Abram Mueller smiled. “I’m impressed.”
A huff of exasperation slipped past Maddie’s lips. “I’m not impressed you caught Josh stealing.” She turned to the old man. “What did he take? Whatever it is, I will pay for it.”
Shaking his head, the old man grunted. “Bäckerschokolade,” he answered, pointing to a shelf of neatly wrapped bars. “Put them down the front of his trousers.”
Maddie eyed the unsweetened squares of baker’s chocolate. Josh had obviously mistaken them for regular candy bars.
“Oh, I’m so sorry.” Kneeling down, she took her nephew by the shoulders. “Didn’t I say no to sugar earlier?”
Sniffing, Josh rubbed his runny nose with the back of one hand. “Yes,” he murmured, loud enough to be heard.
Maddie put on her sternest look. “When I say no, I mean it.” Standing up, she guided Josh around to face his accusers. “You will apologize to your elder for taking something that did not belong to you.”
Gulping down a mouthful of air, Josh drew back thin shoulders and angled his chin. “I’m sorry. I didn’t mean to do anything wrong.”
Refusing to budge an inch, Amos’s nostrils flared. “Ach, a boy your age should know better,” he scolded. “Tis a sin to steal.”
Abram Mueller stepped in. “And to forgive others their trespasses is divine.”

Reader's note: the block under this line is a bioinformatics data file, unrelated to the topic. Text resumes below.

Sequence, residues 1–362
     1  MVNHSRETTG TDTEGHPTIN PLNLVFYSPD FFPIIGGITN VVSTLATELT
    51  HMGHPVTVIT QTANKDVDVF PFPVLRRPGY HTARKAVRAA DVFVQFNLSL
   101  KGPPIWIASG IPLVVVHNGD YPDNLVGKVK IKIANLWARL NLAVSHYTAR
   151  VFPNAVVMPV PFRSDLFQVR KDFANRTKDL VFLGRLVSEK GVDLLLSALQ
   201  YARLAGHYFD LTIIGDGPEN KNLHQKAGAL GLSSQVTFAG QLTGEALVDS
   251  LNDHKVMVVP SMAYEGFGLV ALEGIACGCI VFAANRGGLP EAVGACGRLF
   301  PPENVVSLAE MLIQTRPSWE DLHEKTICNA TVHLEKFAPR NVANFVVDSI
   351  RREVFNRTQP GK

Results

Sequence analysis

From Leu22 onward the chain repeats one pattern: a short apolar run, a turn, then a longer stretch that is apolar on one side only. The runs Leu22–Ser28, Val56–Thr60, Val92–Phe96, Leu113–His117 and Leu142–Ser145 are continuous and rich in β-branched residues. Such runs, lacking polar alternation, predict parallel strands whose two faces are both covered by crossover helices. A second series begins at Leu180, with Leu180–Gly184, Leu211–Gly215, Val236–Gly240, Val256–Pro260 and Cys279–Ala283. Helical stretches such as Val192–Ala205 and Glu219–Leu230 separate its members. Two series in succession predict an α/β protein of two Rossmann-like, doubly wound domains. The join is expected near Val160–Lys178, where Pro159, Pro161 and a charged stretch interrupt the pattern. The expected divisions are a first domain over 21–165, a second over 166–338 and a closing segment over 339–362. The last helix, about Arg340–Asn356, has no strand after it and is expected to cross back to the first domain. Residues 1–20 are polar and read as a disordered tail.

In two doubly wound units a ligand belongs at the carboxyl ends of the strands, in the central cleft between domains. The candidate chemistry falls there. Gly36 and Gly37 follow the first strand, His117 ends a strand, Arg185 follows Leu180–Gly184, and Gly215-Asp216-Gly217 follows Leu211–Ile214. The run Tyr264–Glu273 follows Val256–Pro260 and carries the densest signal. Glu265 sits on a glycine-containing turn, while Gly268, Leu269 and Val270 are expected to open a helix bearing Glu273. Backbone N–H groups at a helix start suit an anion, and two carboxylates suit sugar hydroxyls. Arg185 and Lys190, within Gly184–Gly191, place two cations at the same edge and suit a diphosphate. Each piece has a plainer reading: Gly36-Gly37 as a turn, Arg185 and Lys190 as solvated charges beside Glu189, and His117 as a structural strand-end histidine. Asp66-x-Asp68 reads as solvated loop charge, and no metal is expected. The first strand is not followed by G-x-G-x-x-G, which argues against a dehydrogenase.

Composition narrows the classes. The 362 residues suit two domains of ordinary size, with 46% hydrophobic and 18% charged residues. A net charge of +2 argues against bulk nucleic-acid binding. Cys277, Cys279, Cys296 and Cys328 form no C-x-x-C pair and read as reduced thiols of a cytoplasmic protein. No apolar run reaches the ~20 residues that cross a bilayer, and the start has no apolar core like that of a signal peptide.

“That’s not in the good book,” the cranky old man grumbled.
“Then I’ll go by what is,” Abram Mueller countered. “Something about judge not lest ye be judged.”
“I suppose the good Lord knows what He is talking about,” the old man conceded.
Shaking his head, Abram Mueller clucked his tongue. “Everyone makes mistakes, and everyone deserves a second chance. We’re all only human.” He gave Josh a stern frown. “As for you, young man, I’ll let your mother school you in Gott’s commandments.”
Maddie breathed a sigh. Relief lessened the grip of anxiety. “Thank you. I’ll certainly do that. Let me pay for our things, and we will be leaving.”
“Sounds fair.” Abram Mueller tipped his head. “Have a good day, ma’am.” He strode away, returning to his work in the busy market.
Amos spat, but said nothing more. Cane in hand, he hobbled away, muttering under his breath about the tongues of snakes.
Grateful for the reprieve, Maddie took a firm hold on Josh’s hand. “I think we need to go.”